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By: J Russell-Smith, P Whitehead and P Cooke
The savannas of northern Australia are the most fire-prone part of a fire-prone continent. The savanna region comprises 1.9 M km2 (a third of the Australian landmass), of which roughly 20 per cent is burnt on average each year. Savanna fires currently contribute about 72 per cent of national fire extent annually - the remainder comprising 26 per cent from fires in central Australia (associated in recent years with decadally high rainfall, hence high fuel loads), with just 2 per cent in southern, relatively densely populated southern Australia. While such observations have been documented in the scientific literature in recent years, issues surrounding the frequency, extent, environmental and social-cultural drivers, ecological requirements for, and greenhouse impacts of, savanna burning remain little understood or appreciated by Australian government institutions and the community at large.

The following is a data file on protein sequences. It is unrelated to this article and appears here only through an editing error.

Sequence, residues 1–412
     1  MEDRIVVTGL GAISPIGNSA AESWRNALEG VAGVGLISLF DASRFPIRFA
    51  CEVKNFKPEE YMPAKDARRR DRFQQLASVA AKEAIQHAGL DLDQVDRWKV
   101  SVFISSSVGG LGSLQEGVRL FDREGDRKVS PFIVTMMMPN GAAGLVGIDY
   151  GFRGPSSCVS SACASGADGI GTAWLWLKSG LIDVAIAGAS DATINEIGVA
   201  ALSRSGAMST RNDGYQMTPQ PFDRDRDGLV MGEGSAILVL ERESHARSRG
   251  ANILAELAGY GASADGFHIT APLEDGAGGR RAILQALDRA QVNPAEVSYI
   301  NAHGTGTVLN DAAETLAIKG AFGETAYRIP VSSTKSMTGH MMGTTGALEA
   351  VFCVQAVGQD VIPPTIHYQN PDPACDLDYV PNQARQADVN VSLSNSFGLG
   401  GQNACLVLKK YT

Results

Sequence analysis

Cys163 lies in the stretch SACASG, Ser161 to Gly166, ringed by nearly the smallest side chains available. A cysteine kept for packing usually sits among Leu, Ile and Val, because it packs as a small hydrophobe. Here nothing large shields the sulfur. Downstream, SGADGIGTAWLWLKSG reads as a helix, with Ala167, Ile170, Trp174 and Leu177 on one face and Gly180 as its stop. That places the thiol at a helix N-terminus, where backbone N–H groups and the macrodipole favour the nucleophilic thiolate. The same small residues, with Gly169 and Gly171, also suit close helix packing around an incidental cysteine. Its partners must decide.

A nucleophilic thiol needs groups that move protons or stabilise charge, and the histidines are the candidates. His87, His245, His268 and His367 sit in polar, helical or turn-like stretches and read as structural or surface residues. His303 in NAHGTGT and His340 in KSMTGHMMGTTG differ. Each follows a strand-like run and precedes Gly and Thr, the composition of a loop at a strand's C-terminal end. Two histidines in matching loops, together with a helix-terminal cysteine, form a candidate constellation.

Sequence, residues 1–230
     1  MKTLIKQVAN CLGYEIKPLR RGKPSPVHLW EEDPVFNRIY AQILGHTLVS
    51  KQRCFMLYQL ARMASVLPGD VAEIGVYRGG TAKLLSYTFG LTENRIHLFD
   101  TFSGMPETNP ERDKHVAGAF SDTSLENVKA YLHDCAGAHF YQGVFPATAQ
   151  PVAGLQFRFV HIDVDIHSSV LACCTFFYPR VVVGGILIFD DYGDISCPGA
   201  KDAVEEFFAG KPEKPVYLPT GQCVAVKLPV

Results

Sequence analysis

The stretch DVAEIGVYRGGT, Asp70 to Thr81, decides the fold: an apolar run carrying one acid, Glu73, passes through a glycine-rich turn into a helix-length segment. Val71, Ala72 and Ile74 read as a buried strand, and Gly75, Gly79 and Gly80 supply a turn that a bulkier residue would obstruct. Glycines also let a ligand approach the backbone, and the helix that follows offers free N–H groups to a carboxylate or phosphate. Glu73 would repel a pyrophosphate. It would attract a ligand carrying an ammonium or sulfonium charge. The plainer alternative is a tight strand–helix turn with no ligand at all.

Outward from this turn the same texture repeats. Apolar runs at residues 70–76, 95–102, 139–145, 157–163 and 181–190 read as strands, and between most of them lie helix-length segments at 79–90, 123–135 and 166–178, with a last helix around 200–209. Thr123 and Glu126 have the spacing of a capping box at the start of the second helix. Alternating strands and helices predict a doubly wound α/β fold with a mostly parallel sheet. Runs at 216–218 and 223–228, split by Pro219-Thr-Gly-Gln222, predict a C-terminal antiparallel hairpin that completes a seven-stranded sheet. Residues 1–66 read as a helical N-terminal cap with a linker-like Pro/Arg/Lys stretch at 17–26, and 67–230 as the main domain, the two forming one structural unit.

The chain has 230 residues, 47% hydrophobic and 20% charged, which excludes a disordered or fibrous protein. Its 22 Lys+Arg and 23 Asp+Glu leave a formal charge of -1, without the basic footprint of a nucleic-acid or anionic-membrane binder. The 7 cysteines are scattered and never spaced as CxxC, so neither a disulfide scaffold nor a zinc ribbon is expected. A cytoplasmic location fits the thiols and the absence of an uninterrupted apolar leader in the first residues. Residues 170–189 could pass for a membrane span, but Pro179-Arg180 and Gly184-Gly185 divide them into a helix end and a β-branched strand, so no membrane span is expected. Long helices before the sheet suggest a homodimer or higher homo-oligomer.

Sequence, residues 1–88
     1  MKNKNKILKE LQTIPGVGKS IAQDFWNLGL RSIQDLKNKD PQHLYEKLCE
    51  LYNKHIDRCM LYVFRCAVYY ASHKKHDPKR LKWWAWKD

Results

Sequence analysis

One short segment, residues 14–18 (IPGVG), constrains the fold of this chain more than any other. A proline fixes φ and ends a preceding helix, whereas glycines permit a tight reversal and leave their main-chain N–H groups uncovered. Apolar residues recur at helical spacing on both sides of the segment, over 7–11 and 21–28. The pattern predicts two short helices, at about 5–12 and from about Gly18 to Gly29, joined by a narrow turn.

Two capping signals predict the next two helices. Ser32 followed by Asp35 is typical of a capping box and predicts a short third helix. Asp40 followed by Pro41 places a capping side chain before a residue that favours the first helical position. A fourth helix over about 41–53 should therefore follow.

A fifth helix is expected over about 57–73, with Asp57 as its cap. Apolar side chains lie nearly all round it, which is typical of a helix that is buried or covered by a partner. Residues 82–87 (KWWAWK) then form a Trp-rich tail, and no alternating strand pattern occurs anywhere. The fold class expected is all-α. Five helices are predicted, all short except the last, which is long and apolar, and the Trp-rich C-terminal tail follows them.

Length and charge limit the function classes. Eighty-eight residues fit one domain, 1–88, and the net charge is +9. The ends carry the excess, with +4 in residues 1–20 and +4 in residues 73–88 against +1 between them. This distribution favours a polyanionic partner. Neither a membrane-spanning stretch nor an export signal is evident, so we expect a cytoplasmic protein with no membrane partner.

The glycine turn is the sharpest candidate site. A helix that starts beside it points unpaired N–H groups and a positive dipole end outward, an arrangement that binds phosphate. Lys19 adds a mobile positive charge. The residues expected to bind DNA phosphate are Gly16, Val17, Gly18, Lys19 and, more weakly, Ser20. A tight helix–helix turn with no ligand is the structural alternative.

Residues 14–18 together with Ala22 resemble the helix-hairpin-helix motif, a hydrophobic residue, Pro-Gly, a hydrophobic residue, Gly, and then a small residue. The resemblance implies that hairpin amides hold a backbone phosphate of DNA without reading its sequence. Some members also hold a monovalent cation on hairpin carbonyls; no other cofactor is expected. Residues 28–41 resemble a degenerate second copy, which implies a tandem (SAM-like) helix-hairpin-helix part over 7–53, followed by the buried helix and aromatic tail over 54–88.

In particular, there has been no systematic exploration of the options available to savanna residents and users to assert control over the extent and frequency of fire to meet conservation and production goals. In twelve multi-authored chapters, the book documents key challenges and novel options for addressing chronic landscape-scale fire management issues in north Australian savannas through development of collaborative, cross-cultural 'two toolkit' approaches, and commercially supported environmental services programs.
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